Who are you, and what do you do?
My name is Clark Campbell. I am the President of Gear Aid Inc, in Bellingham Washington.
Our company creates and sells solutions that help you to renew, repair, and extend the life of your outdoor gear. We supply products that clean, fix, restore, and quickly patch the gear used by the people who dive, surf, fish, hunt, ski, climb, paddle, and go camping. We also design and sell simple tools that make these pursuits easier, safer, and more enjoyable.
The people that work here at Gear Aid tend to be tinkerers, DYI fixers, and people who like to seek out fixes to problems. This makes both a bit weird and unique. To my knowledge, no other company in the outdoor industry has adopted ‘failure’ as their central source of design inspiration and focused the entire business on ‘championing renewal’.
What is one habit of yours that helps you be productive?
In my view, our culture places too much emphasis on being productive vs. being effective. To be effective you first have to recognize that productivity is not necessarily the highest or best measure of success.
The people and organizations that are the most successful often do things that appear counter-intuitive or even distracting when viewed from the perspective of productivity. For me, this starts with doing things that allow me to focus clearly and see problems from a new angle.
Slow down, exercise, be willing to laugh at yourself, and encourage others around you to do the same.
Other than that, wake up at the same time and give yourself the space to think before looking at your phone in the morning.
What is your morning routine and how does it help you get the most out of your day?
I didn’t use to be much of a morning person. However, I have come to realize that most successful people start their day early. They just don’t necessarily start ‘working’ as their first order of the day.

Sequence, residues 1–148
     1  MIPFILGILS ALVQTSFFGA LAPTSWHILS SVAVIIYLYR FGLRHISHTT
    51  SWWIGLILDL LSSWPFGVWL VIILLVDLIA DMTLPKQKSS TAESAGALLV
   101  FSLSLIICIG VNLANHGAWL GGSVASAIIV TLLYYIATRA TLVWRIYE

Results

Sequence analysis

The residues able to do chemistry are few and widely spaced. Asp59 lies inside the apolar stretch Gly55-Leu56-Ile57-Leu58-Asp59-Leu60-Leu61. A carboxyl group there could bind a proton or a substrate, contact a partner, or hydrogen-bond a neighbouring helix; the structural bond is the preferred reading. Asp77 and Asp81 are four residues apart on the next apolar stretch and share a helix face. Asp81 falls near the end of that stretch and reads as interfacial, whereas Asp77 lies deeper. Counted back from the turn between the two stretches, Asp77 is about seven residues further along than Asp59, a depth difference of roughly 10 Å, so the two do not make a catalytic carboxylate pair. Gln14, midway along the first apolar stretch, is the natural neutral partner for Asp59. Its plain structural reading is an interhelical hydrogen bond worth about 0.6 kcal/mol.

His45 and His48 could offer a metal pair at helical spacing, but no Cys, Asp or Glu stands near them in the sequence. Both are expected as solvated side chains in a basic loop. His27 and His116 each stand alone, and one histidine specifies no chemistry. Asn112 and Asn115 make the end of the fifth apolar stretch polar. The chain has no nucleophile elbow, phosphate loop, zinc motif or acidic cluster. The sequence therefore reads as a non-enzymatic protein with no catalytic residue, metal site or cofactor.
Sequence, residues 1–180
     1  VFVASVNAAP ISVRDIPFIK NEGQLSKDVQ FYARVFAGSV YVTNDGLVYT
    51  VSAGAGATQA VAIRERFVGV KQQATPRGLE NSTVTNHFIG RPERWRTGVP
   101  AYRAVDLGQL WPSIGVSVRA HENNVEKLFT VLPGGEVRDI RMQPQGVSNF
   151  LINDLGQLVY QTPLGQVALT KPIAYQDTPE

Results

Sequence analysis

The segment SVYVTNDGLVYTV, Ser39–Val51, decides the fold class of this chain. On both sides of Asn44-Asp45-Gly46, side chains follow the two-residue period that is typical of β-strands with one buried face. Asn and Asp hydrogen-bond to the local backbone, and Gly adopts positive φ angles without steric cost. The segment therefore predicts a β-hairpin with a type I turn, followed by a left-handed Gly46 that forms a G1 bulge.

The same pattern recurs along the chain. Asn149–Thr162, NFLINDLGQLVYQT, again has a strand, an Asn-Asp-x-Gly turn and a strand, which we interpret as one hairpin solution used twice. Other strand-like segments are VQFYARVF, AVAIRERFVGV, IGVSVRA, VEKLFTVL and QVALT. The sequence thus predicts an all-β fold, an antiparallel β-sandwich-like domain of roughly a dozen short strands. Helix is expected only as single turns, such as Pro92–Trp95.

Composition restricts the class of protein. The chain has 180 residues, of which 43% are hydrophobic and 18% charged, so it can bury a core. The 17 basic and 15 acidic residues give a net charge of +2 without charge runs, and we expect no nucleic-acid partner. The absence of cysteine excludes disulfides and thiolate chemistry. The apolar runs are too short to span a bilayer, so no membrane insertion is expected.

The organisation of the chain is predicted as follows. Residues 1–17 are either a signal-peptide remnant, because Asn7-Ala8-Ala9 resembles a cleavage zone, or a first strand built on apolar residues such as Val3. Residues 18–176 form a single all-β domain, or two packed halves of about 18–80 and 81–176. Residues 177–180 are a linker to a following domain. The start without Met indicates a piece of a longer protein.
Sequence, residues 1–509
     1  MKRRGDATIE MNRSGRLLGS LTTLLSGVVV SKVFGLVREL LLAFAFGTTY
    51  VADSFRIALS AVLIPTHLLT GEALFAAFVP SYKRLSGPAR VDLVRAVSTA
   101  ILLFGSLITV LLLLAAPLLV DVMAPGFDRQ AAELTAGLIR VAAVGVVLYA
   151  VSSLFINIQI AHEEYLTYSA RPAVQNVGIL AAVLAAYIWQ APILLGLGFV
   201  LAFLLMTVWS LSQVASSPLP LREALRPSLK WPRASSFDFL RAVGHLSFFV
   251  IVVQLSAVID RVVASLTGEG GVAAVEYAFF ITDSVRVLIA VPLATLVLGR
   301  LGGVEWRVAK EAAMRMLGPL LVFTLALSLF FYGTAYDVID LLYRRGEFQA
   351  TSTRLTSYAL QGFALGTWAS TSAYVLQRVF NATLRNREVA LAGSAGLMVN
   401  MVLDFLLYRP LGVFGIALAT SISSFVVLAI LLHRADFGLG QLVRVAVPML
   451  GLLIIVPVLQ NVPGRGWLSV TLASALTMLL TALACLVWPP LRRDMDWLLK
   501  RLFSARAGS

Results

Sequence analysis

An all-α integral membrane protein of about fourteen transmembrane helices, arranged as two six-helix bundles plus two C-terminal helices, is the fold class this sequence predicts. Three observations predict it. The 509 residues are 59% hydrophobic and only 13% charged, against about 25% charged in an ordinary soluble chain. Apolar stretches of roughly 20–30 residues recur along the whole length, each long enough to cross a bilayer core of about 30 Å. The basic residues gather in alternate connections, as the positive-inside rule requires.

The key for me is carving out time to read and/or, exercise before getting into work mode. I am not as consistent with my morning routine as I would like. However, paying for a gym membership and a good espresso maker certainly helps.
In the last few years, what lifestyle, habit or behavior change has had the biggest positive impact on your life?
Moving to a smaller town where my office is less than 10 minutes from my home. Big cities offer a lot of cultural amenities and can be great places to start your career. However, living and working in a smaller city has reduced my time stress, and allowed me to be more involved in the community outside of work.
When you feel unfocused, what do you do?
Take a break, make list and prioritize it, do something to re-charge my batteries, then come back and make sure that the list and priorities still apply.
Be willing to let the less important things on the list go undone.
If I have more than 5 items on my list, the 6th, and everything after it usually gets punted.
What is one piece of software or a web service that you get immense value out of? How do you use it?
No one stands out. Google Maps – Keeps me from getting lost. Sonos and Spotify…..keeps me from listening to too much news, and keep my music tastes from becoming stale. Strava…inspires me to keep active by following my more fit friends
What is the one book you recommend most often and why?
#1. Anything that you read for fun. In my view, too much emphasis is placed on business and self-help books. It is more important you keep reading whatever keeps your mind active and exposed to new ideas.
#2 The Tipping Point – Malcolm Gladwell. Not a new book, but still relevant to today.
What advice would you give a smart and ambitious recent college graduate? What advice should they ignore?
Be willing to work harder, vs trying to be seen as the smartest or most ambitious.
Start by assuming that you don’t have all the answers. Be curious and willing to put in the time to find the right answer. Hard work and persistence will always deliver better business results than elaborate schemes to take the easiest path. This applies to both people and organizations.
Whether you are working for a company or running your own business, focus on ways to become ‘good’ rather than how to become ‘big’. If you focus on being good, the business will become big faster than you planned. If you focus on the outcome rather than the quality of the service or product, the business result will almost always fall sort of your expectation.
Failure is just data. Don’t take it personally, but learn from it so that you don’t repeat your mistakes.
What is your favorite quote, one you aim to live by?
Indwelling, live close to the ground. In thinking, keep to the simple. In conflict, be fair and generous. In governing, don’t try to control. In work, do what you enjoy. In family life, be completely present. – Lao Tzu
(Good words to live by, but hard to do. This quote tells me when I am off course, which is more often than I would like to admit)